with a Clerti1lcate. and lIeftl.attacbedthereto.
VAN DUZEE 'II. UNITED STATES.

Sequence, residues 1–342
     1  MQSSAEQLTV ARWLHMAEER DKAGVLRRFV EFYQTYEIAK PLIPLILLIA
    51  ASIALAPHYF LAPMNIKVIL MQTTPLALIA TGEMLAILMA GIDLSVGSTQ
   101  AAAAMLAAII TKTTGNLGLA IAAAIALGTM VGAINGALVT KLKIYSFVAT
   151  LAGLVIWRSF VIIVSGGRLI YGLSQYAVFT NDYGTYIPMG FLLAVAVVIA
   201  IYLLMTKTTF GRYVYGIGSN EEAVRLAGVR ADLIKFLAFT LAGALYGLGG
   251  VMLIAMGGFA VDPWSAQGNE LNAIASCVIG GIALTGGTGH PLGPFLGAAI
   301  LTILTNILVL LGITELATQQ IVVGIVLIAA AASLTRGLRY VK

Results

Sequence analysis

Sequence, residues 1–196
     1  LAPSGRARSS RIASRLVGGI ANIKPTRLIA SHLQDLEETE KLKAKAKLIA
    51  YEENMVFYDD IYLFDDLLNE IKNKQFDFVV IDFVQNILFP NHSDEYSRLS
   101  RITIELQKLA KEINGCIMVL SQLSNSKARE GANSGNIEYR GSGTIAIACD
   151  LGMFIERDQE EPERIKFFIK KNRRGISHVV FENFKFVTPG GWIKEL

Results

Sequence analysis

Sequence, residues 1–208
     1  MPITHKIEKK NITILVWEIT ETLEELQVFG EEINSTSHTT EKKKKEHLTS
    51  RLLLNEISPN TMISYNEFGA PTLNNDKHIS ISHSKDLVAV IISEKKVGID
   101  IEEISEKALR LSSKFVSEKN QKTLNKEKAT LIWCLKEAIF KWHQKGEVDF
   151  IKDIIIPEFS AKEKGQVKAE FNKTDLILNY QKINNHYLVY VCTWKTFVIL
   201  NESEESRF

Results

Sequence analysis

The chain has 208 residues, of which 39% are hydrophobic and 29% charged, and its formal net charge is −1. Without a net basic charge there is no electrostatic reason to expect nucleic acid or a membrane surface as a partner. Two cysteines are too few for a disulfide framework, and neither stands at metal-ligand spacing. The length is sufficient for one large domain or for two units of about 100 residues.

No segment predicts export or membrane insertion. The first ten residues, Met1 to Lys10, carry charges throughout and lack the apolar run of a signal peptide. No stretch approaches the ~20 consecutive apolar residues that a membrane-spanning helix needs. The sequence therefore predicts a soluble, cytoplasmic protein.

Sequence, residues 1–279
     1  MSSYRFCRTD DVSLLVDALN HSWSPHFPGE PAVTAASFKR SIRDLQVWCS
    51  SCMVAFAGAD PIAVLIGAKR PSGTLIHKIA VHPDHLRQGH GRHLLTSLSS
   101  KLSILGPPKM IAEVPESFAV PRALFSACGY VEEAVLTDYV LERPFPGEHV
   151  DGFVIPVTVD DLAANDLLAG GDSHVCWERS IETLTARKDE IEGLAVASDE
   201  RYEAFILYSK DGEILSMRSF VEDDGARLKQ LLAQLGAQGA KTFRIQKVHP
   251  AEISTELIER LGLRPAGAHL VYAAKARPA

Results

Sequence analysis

for an order directing the marshal to procure the book; and the orders thus made, and duly recorded, are the authority upon which the marshal relies in procuring the same for the use of the court. The same need exists for furnishing two certified copies of these orders, to be made part of the original and duplicate accounts of the marshal, as in the case of the orders made for the payment of jurors and witnesses, and the clerk is clearly entitled to the statutory fees therefor. A charge is also made for attaching the seal of the court to the certificates; but this comes within the ruling of the supreme court in the case just cited, to wit, U. S. v. Van Duzee, 140 U. S. 169, 11 Sup. Ct. 758, and for that reason cannot be allowed. 3. The next exception taken by defendant covers the chargcl!l made for filing indictments when returned by the grand jury, and for making a record entry of the presentment and return thereof. The practice of the court is that the grand jury report the indict· ments found by them to the court, and the clerk receives the same, and marks them "Filed," giving the date. In addition thereto,. an entry is made in the records of the court, showing the fact of the return or presentment of the indictment into court by the grand jury, and the clerk charges the statutory fee for filing the indictment, and also the folio fee for making the entry upon the court records. Objection is made to the allowance of both these classes of charges, from which it would appear that the accounting officers deem it unnecessary that indictments should be filed by the clerk, or that any record should be made of the return thereof by the grand jury. A clerk who should fail to identify the indictments coming iuto his hands by marking them "Filed," and should likewise fail to place upon the record proper evidence of the action of the grand jury in returning the indictments to the court, would clearly be derelict in his duty; and for these services thus rendered in the performance of his duties he is entitled to the usual fee for filing each indictment, and the folio fee for making the record entry. 4. Exception is next taken to the charges included in item 3 of the account sued upon, upon several grounds. This item covers the charges made in a large number of criminal cases for entering upon the records the arraignment and plea of defendant, the record of the trial and verdict, the sentence, and in some cases suspension, in whole or in part, of the sentence. Part of the total sum claimed has been allowed and paid, and the suit is for the balance left unpaid. As I understand the position of the defendant, it is that the several entries made by the clerk in each case should be consolidated, thus saving the writing the title of the case more than once, and avoiding repetitions, which become necessary when the entries are made separately. The theory of the defendant seems to be that the clerk should not make any record entries until a case is closed up, and should then make one general entry, or final entry, covering all the _steps taken in the case, from the return of the indictment to the pronouncing of the sentence, inclusive. To do this would revolutionize the entire method of keeping the records of the court. Each day's proceedings had in the court in all matters coming before it are entered as of that day, and the entry is signed